New Iberia Adds Historic Marker for Howe Institute

The Iberia African American Historical Society (IAAHS) unveiled the Howe Institute’s historical marker on Saturday.

This new marker recognizes the Howe Institute which was established in 1888 to educate blacks in New Iberia and surrounding areas.

Howe also served as a temporary refugee camp for black citizens following the floods of 1927.

Before being under the control of the 6th District Missionary Baptist Association.

Many Howe alumni went on to serve communities in Louisiana and the United States with distinction. According to the organizers, Howe’s oldest and most successful director was Professor Jonas H. Henderson (1896-1933).

“I think it shows our diversity; I think we add a little trail if you want. And I think the more we can promote our whole story, the more of a tourist attraction we become, the more visitors we will gain. Plus it’s going to be good for our economy. As well as for our citizens and the quality of life. Every community should know its history, ”said Mayor Freddie Decourt.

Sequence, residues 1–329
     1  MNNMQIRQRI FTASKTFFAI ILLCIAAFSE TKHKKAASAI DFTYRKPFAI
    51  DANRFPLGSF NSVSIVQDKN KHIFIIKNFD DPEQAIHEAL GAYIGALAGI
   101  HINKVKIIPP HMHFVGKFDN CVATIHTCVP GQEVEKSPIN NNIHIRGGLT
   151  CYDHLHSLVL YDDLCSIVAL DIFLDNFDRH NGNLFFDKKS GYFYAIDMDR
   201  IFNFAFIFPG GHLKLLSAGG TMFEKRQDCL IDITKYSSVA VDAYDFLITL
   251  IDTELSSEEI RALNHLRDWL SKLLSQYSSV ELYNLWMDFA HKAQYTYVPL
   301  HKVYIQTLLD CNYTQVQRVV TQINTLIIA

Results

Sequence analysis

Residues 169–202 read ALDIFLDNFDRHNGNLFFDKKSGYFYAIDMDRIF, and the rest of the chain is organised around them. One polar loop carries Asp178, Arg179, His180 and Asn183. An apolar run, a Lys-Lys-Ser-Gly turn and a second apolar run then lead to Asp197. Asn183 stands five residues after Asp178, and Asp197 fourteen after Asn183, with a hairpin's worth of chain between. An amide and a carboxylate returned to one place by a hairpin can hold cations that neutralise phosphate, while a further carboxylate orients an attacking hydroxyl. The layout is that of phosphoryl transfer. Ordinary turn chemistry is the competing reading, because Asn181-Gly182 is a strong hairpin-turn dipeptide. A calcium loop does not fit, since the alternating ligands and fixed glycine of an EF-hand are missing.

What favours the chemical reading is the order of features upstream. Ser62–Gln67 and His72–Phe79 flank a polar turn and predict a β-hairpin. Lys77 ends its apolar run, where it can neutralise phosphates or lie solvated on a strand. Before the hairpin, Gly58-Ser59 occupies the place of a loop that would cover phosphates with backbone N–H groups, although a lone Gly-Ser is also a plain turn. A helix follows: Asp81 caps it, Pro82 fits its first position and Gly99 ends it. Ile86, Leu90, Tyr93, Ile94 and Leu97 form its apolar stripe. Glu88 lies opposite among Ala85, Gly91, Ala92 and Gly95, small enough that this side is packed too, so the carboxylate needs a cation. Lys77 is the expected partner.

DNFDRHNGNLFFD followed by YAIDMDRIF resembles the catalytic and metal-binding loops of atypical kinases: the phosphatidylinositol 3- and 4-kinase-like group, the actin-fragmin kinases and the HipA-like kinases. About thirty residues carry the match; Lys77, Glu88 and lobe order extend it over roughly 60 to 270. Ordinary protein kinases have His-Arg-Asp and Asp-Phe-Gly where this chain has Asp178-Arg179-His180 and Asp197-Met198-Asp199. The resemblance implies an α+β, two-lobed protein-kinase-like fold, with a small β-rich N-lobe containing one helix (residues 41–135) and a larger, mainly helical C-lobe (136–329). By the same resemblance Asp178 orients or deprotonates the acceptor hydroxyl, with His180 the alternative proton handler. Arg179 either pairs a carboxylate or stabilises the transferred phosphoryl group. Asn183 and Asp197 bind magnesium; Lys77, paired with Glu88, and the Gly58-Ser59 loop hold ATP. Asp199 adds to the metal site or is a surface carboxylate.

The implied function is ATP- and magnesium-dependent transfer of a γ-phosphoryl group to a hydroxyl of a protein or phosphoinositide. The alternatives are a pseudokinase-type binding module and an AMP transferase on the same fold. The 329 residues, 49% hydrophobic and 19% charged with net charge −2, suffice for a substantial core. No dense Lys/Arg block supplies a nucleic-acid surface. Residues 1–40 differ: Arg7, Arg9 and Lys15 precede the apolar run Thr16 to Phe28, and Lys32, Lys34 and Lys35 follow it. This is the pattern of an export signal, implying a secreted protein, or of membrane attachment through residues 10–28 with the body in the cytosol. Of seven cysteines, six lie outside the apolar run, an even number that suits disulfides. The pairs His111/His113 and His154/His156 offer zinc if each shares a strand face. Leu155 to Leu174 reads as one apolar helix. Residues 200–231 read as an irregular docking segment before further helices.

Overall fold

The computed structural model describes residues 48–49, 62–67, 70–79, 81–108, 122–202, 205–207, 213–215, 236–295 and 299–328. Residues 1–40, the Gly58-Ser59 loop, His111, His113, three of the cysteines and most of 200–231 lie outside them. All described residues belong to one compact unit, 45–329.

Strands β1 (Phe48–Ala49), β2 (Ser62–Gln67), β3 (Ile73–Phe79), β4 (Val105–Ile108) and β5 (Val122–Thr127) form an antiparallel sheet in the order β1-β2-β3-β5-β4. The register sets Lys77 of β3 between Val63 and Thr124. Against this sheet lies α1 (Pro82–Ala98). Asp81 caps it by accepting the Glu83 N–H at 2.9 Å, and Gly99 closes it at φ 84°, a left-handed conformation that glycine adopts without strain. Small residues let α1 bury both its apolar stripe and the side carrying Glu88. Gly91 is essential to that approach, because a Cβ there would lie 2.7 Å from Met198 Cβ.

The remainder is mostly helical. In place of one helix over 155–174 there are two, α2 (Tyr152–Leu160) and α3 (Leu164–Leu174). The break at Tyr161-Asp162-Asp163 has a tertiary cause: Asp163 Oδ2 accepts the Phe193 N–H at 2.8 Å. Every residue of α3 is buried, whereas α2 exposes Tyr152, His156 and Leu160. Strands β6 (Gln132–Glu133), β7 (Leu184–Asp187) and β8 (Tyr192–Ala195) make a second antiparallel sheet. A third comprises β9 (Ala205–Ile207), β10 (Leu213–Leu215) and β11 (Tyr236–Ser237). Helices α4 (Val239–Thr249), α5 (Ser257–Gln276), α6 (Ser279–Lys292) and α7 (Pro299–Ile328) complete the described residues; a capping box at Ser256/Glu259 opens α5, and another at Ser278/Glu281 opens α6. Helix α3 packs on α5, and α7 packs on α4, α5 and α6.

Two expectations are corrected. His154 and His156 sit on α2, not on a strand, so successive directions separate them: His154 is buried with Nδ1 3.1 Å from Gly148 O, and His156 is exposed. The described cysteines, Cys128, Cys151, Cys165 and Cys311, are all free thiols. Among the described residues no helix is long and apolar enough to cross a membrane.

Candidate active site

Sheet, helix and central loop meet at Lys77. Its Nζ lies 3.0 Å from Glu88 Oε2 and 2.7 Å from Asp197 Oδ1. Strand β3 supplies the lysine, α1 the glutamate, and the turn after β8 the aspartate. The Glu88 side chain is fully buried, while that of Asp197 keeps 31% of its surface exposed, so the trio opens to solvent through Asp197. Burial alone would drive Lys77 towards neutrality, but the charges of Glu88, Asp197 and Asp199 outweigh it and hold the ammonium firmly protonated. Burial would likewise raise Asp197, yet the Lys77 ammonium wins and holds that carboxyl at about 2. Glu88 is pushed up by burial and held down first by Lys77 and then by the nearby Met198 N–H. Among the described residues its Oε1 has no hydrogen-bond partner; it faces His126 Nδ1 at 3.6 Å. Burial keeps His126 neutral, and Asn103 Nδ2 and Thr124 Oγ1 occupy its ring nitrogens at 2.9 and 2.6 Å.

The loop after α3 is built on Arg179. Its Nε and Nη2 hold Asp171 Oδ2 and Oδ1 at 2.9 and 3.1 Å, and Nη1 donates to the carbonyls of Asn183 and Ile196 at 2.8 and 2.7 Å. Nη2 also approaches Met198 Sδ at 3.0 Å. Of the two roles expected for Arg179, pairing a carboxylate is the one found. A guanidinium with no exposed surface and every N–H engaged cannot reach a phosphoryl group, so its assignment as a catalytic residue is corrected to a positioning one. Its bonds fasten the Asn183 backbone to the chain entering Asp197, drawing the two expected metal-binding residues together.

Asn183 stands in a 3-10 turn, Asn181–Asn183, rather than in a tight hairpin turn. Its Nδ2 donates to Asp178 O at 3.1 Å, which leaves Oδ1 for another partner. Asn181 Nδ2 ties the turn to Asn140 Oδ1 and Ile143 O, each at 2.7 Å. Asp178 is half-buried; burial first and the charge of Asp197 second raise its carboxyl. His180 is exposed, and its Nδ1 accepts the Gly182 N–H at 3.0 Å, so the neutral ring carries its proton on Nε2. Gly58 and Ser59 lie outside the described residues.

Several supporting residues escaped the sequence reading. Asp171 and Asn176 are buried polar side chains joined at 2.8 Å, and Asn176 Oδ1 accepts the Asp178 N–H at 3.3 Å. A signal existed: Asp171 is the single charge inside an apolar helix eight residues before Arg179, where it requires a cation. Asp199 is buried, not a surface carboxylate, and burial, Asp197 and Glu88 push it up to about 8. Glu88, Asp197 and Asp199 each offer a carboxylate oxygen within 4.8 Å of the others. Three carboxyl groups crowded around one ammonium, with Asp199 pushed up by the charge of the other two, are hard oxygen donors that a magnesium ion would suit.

The marker also acknowledges Booker T. Washington’s visit to the Howe Institute on April 14, 1915, as part of his historic tour of black schools in Louisiana.

Which garnered national attention and drew thousands into the institution to watch Washington speak.

“The fact that Booker T. Washington could bring together thousands of people in an unprecedented fashion across the colored line that line the streets and fill the arenas to hear this incredible order, possibly one of the most famous speakers in the world.” , Keynote speaker, said Dr Michael Bieze.

Dr. Bieze is a renowned art historian and an expert on Booker T. Washington. His most recent work on Washington’s 1915 tour of Louisiana analyzes photographs of AP Bedou, the Washington photographer.

While studying this collection in depth, Dr Bieze identified a group of photos listed as taking place in New Orleans.

The photo of Washington on stage addressing a crowded crowd dressed in his finest Sunday best was actually taken in New Iberia at the Howe Institute.

This historical marker is now the fourth to recognize black history in the region.

Dr Bieze says he is currently writing a book on historically black institutions which is expected to be completed next year.

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